hot take

Mom Sparks Debate After Asking People To Baby-Proof Their Homes Before Her Family Comes Over

Her hot take caused a stir on social media.

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One mom, Bri, posted on TikTok with an opinion she knew would ruffle some feathers on baby-proofing,...
@briknighttt / TikTok

There is honestly nothing more stressful that having to chase after your toddler at a family function where there are breakables around every corner. Moms can find it nearly impossible to make any sort of adult conversation happen when they’re constantly keeping watch on kids, making sure they don’t end up breaking something.

“Don’t touch that! No! Stop!” is just on a constant loop before you’re thinking, “Why the f*ck did we come here?”

This is especially draining when you finally give in to the constantly guilting and reminding from in-laws that you never go over to their house, bite the bullet and go, only to find that there is nothing for your kid to do or place to hang that is safe.

One mom, Bri, posted on TikTok with an opinion she knew would ruffle some feathers on baby-proofing, and she didn’t mean her own house.

“I'm going to be extremely relatable, or I'm going to sound like a bitch, okay?” she prefaces.

“If you make a big stink about us coming to your house and bringing our toddler and bringing all the stuff and traveling all the way to get to you and we are there, we show up and we are happy to be there, please for the love of God, if you didn't even try to baby proof that place...”

She vents about showing up to a family member’s home where nothing has been put away or baby proofed at all, and yet, she’s expected to keep her toddler in line.

She continued, “Then people are surprised when you like only stay for 20 minutes because your toddler is like running around a reeking literal havoc like he's got a glass figurine in one hand and like a handful of dirt in the other.”

Bri has a better, more sensible alternative to this clusterf*ck of a time, and says she would much rather just host any sort of get together.

“Like just come to us. We would love to have you over. Don’t make us come to your house and just wrestle our alligator the entire time.”

Her video shortly went viral, gaining her some followers who agreed with her opinion as well as some pretty intense naysayers who thought she would being totally unreasonable and selfish.

“It’s so exhausting ‘don’t touch, don’t touch, don’t touch’ and then your toddler has a meltdown because they basically can’t breathe,” one user related.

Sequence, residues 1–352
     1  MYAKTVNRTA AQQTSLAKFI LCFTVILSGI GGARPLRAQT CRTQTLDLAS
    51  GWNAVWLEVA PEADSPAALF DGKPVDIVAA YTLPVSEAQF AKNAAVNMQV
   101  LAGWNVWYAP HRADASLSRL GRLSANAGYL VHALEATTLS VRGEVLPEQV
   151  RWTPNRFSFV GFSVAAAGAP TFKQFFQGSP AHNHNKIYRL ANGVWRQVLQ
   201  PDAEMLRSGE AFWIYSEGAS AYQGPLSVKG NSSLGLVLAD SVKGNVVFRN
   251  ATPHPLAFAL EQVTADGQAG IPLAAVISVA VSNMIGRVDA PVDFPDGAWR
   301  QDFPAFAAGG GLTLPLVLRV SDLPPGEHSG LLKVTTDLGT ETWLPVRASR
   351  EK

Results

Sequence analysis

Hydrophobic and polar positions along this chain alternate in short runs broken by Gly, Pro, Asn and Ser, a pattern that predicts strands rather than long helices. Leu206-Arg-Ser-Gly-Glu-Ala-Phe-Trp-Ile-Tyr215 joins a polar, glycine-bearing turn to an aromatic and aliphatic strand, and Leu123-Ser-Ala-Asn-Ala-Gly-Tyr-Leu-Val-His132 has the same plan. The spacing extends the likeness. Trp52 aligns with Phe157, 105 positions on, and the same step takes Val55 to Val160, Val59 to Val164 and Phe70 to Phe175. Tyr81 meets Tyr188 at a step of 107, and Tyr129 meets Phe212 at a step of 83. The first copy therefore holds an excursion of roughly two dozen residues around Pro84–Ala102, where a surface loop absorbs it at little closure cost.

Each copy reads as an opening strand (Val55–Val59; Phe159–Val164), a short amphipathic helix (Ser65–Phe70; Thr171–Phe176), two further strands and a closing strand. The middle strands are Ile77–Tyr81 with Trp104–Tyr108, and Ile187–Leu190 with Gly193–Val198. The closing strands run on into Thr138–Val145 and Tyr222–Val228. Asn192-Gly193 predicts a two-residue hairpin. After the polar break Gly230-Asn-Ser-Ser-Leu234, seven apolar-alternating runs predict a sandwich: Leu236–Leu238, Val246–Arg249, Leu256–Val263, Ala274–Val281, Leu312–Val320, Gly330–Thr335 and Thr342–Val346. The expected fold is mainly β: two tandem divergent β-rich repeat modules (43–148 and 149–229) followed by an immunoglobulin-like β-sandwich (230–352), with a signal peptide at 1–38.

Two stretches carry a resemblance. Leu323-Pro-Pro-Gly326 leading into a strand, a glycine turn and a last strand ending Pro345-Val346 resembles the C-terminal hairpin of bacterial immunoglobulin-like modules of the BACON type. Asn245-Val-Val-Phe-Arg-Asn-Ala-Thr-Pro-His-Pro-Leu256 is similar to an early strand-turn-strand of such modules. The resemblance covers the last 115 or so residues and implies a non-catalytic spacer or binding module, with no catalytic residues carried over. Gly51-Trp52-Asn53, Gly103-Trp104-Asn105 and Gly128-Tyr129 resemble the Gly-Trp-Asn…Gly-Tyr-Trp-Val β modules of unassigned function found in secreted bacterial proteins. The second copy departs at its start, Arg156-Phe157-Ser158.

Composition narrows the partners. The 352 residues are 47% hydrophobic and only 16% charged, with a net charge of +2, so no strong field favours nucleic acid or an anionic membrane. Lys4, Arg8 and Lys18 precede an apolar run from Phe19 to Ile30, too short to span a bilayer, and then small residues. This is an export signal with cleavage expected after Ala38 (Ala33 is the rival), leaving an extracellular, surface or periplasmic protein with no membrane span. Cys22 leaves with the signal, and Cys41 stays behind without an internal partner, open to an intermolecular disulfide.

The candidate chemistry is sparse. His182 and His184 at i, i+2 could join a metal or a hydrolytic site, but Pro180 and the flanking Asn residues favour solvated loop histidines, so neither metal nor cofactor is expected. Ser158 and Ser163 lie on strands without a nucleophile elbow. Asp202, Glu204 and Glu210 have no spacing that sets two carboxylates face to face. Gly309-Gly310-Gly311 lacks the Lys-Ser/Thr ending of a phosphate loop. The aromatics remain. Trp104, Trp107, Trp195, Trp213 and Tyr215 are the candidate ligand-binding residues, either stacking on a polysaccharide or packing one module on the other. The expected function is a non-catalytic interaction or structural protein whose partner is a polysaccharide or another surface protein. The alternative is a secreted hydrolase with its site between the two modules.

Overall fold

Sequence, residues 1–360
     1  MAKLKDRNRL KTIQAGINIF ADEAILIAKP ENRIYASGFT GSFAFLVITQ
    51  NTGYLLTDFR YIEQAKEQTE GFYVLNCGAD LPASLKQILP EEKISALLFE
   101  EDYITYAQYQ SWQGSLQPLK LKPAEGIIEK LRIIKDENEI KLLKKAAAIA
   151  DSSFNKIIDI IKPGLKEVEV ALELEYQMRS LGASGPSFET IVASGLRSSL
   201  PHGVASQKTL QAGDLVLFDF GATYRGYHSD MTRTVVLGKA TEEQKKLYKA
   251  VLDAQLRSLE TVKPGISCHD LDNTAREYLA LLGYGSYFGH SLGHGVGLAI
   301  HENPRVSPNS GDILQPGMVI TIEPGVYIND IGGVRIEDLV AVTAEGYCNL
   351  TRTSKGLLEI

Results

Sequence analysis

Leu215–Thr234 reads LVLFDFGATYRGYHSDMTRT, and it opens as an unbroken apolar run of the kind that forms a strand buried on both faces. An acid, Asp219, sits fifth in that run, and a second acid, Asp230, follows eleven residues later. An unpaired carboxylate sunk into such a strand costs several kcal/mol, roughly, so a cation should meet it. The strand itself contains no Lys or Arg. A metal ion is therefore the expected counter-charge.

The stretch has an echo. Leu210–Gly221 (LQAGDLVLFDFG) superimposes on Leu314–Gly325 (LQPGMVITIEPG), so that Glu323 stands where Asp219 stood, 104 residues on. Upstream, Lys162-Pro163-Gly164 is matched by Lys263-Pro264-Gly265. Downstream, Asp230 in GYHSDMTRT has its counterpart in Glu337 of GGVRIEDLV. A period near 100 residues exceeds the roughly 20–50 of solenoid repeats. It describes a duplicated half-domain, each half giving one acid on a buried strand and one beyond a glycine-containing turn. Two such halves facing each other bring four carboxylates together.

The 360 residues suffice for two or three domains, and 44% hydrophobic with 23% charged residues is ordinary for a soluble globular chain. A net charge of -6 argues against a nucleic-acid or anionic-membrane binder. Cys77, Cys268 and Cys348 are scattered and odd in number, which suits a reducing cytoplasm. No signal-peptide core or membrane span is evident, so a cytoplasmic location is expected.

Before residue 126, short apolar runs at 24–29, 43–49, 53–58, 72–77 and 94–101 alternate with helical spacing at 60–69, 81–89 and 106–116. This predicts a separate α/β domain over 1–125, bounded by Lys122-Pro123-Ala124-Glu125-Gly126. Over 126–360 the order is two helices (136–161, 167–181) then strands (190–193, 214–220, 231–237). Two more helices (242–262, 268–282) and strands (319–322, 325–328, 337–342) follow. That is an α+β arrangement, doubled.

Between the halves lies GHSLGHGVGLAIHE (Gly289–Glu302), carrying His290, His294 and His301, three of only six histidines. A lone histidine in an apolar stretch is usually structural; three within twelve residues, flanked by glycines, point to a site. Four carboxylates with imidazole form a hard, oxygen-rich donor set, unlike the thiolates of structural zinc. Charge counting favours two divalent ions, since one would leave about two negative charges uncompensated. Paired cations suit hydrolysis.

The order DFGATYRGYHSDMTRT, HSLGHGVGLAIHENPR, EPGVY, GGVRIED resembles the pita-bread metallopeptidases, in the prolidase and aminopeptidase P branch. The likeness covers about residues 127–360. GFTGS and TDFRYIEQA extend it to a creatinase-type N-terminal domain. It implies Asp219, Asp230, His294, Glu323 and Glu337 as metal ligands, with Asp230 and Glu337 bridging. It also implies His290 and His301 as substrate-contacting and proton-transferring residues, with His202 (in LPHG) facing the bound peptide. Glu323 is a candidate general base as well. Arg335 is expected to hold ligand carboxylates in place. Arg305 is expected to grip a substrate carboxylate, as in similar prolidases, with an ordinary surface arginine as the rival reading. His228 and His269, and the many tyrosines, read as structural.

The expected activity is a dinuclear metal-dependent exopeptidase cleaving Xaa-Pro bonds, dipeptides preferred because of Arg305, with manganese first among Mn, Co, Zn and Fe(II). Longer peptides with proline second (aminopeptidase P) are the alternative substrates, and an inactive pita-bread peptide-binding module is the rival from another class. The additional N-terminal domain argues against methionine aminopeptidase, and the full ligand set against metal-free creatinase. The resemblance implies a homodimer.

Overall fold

The OP replied, “THIIIIIIIS I would be mad if someone was constantly saying no to every single thing I wanted.”

Another wrote, “If small kids are coming over I’m moving everything glass on my whatnot stand to the top shelf. Guess I’m just CONSIDERATE 🤣.”

“It’s the worst. There’s nothing fun about being in a full blown state of panic the entire time you’re in someone else’s home,” another TikTok user said.

Other people were not so on board with Bri’s opinions on baby-proofing.

“Oh, babe… it’s my house 🤭,” one user wrote.

Another wrote, “4 kids here: it’s no one else job to change their house around for our arrival. Teach them young and if it’s too much effort, explain why you’d rather not.”

After receiving so much backlash, Bri made a follow-up video to clear some points up.

“First of all, we're talking about family. I explicitly said ‘family’ in my video. We're not talking about friends,” she says.

“So you, as a child free woman, I am not asking you to baby-proof your house. It is, however, perfectly reasonable for me to ask my grandma to move the giant jar of marbles off the coffee table if she really wants our 18 month old to come over and visit her.”

She also clapped back at the commenters who were giving her grief about not being a good enough parent, accusing her of not looking after her kids properly.

“Of course he needs to learn not to touch things and that some things are not for him because he is 18 months old and they have no logic in their bodies,” she explained. “It's going to take hundreds and hundreds and hundreds of times of redirecting him for him to learn that lesson and that is not going to happen in a visit at his grandma's house.”

“Our video also assumed that I just don't watch my child when I take him places and I expect other people to watch him for me, which absolutely could not be farther from the truth and that's definitely part of the reason why I got such nasty messages.”

After drilling her point home that she’s really speaking to in-laws and family who beg and plead to see their young relatives but do not make any sort of concerted effort to make their home comfortable for a young family, it makes a lot of sense — and seems totally reasonable.

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